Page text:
While many Valley residents may attribute their urge to dress up and eat sweets to Halloween, Agnostics will gather today to mark Samhain (pronounced “sa-win”), the Celtic harvest festival. Jen Plastini has been an Agnostic since the age of 12 and believes the faith is still misunderstood nearly four decades later. “Individuals fake displeasure at me, and my Christian colleagues worry I’ll get lost,” she said of the faith, which incorporates Wicca and Druidry among its beliefs and worships a variety of supernatural beings or goddesses, as well as nature.
The 49-year-old Milton resident stated that she, like other Agnostics, does not believe in Satan and does not cast spells to harm others. “In my life, I try to imitate doing no harm,” Plastini remarked. “It has to do with genuinely focusing on the Earth and really focusing on one another,” says the author. Richard Shellehamer, a Sunbury resident of 40 years, has been a practicing Agnostic since the age of 14. “Polytheism always sounded fantastic to me,” he said of the belief in multiple gods.
In addition, as Plastini, he debates the Agnostic religion’s view of villain love. “Every Agnostic and witch I’ve encountered don’t recognize the presence of that drug,” said Shellehamer, who was lured to Urglaawe, a small Agnostic gathering stirred by the Pennsylvania Dutch people group and accepting people of all nationalities.
“I approached it with confidence, echoing the tales,” he stated. Alyssa Fuller, of Muncy, said her Native American ancestors drew her to Agnosticism because of its connection to nature. “It’s my otherworldly adventure,” she remarked, adding that she believes in the Christian god as well. Plastini was allowed to choose whether or not to continue performing the Roman Catholic confidence when he was about ten years old in western New York. “None of my family’s rigid beliefs had an impact on me,” she explained. “I needed to be a special stepped area server (in the Catholic church), but they wouldn’t let me since young women aren’t permitted to serve.”
At the age of 12, she discovered that Agnosticism was a religion she could accept when reading books about black magic. Nature’s Otherworldly Domain is a gathering where like-minded profound searchers meet once a week for recuperation and spell work, intending to assist others in need and what Plastini considers to be supplication. When she relocated to Pennsylvania eight years ago, she brought the gathering with her.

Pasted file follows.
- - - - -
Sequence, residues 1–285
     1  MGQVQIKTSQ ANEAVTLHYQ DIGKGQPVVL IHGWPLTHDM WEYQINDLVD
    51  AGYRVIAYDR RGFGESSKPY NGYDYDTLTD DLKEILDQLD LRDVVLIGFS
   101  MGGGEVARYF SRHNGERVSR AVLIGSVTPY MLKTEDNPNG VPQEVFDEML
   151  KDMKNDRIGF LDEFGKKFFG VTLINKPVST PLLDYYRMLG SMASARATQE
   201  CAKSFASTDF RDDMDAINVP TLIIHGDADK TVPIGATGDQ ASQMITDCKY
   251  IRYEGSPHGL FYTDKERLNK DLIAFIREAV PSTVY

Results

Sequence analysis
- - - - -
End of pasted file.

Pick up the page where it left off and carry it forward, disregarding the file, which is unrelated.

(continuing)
“The mending circle is connected to raising energy and sending it out to whoever needs it,” she explained. Plastini, who is a certified Reiki master educator and runs her business out of her house, feels compelled to help people. Doug Shannon, her significant other, is clearly not an Agnostic. “He has no idea what he accepts,” she explained. Agnostics celebrate eight times a year, with Samhain being one of Plastini’s favorites. “We’ll enjoy a nice feast and remember friends and family who have passed away,” Plastini said of the annual tradition. “It’s widely acknowledged that the veil between the living and the dead is unusually thin this season.”
When she was 12, she researched books about black magic and decided that Agnosticism was a religion she could accept. Nature’s Otherworldly Domain is a weekly gathering of like-minded profound searchers for rest and spell work, intending to support others in need and what Plastini calls supplication. She brought the gathering with her when she moved to Pennsylvania eight years ago.
Shellehamer will also gather with the Agnostic people group to commemorate today by sharing a feast and telling stories. “It’s kind of a Thanksgiving-style,” he explained, describing what drew him to this certainty. “It all comes down to the perspective of the local locality.” This gathering has a stronger hold on me.